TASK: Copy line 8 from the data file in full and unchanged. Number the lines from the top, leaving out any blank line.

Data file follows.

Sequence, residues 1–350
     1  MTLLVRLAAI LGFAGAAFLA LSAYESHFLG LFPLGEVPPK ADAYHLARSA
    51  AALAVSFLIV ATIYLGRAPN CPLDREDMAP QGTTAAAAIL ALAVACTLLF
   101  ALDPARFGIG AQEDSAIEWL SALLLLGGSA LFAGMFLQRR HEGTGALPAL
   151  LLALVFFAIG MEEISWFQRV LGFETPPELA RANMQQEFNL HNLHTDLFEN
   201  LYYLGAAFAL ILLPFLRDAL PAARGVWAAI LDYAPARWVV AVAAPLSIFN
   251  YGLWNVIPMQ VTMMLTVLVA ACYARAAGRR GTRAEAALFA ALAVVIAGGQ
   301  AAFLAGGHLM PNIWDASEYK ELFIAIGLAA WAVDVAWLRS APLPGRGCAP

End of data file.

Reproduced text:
   301  AAFLAGGHLM PNIWDASEYK ELFIAIGLAA WAVDVAWLRS APLPGRGCAP